December 1 is Antarctica Day, a day to celebrate the 55th anniversary of the signing of the Antarctic Treaty, eat ice cream, and generally turn our attention south. This year I am taking that sentiment further than most, heading back to the frozen continent on board a cruise ship to lecture on the very treaty that Antarctica Day marks. Being someone who can’t stand the cold, it seems unnatural that I would opt to spend my summer in a place famed for its chilly climate. Antarctica is worth making exceptions for.
Antarctica is the coldest, highest, driest, windiest, most penguin-friendly continent on earth. It is also particularly interesting from a political angle. The continent itself is governed by the Antarctic Treaty System, a complex maze of annexes and adopted conventions that govern everything from the catch limits for fish in the Southern Ocean through to the environmental monitoring that must be undertaken before establishing a research station. Meetings are held once a year, and all decisions are made by consensus. 12 nations – including New Zealand – were the original signatories back in 1959, but these days there are over 50 nations signed up to the Antarctic Treaty. That treaty has many purposes, but most importantly, it designates Antarctica as a place for peace and science. Military activity is not allowed, and science is the focus on the continent.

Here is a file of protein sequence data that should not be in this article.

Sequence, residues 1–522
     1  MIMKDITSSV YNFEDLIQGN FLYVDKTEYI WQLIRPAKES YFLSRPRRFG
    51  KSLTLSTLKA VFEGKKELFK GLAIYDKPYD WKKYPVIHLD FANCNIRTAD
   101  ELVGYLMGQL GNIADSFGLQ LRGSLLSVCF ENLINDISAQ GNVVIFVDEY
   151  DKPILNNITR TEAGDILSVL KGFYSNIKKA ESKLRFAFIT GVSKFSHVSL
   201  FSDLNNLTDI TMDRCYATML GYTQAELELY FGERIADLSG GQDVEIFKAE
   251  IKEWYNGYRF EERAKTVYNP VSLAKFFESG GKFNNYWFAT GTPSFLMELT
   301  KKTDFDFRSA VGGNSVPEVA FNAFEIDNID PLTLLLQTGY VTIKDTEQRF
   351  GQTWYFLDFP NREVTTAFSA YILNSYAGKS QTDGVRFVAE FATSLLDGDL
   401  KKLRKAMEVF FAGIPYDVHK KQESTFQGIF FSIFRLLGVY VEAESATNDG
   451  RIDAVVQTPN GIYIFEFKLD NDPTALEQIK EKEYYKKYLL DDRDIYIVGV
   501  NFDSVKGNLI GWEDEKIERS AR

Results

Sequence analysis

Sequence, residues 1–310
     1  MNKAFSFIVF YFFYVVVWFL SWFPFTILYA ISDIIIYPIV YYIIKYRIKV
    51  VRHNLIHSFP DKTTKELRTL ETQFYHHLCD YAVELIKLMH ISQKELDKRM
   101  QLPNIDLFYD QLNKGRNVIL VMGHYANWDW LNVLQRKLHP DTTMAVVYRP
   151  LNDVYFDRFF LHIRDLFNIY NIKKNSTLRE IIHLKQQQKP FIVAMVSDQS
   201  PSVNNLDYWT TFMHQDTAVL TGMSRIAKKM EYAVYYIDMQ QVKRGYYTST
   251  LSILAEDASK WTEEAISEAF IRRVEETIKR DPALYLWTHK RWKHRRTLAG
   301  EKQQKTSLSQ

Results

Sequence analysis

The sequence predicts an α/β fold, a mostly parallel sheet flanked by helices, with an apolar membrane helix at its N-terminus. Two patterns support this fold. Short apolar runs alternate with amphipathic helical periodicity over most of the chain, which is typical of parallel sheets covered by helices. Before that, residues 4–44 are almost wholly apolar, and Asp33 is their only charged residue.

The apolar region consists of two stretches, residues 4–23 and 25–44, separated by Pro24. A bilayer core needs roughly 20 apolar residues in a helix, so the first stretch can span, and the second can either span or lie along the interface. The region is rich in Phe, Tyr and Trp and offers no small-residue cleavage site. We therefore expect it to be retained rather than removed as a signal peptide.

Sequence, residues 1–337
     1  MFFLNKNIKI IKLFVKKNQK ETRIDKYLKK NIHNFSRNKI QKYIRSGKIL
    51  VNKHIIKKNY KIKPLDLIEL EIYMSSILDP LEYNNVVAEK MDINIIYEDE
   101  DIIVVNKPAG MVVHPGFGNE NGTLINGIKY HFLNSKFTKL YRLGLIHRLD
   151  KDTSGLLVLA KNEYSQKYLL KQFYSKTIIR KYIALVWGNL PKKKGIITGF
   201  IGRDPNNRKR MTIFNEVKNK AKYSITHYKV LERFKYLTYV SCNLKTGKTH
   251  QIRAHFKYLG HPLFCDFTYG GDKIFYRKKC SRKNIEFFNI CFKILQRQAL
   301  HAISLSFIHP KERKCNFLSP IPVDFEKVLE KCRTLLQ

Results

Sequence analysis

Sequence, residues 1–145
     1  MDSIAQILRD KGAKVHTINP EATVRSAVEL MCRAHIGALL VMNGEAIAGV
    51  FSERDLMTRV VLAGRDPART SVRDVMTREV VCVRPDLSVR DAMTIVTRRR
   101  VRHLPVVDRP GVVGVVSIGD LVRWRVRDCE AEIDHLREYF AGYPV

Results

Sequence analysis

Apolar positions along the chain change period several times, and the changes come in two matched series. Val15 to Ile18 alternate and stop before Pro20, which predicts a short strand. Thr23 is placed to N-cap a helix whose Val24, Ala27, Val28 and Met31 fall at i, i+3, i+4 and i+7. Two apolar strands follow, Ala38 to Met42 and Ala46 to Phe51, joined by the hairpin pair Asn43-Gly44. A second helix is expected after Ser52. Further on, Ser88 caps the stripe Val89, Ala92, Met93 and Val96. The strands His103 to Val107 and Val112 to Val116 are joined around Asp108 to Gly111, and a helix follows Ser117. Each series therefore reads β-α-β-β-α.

What does all this mean for us in Canterbury? Well, the big grey C-17 plane that spends the summer commuting between the Ross Ice Shelf and Christchurch International Airport whilst full of scientists in orange and red parkas is one local link. Antarctica Day is also a good chance to take a moment to remember just where those bitterly cold southerly winds that can assail our shores have their origins.
Our ship visits the other side of Antarctica: the peninsula region is located directly south of the tip of South America. Still, the same weather rules apply: take Auckland’s five seasons in one day, push them into a giant freezer, and you’ll get the idea. It’s in the midst of that weather that I will be celebrating both Antarctica Day and Thanksgiving; with a number of US nationals on board, the American holiday can’t be missed. In the spirit of both, I’m thankful to be back showing visitors around this amazing frozen continent, and I’m doubly thankful to have such a supportive family back home who encourage me to go literally to the ends of the world and back.
Originally Published in The Ashburton Guardian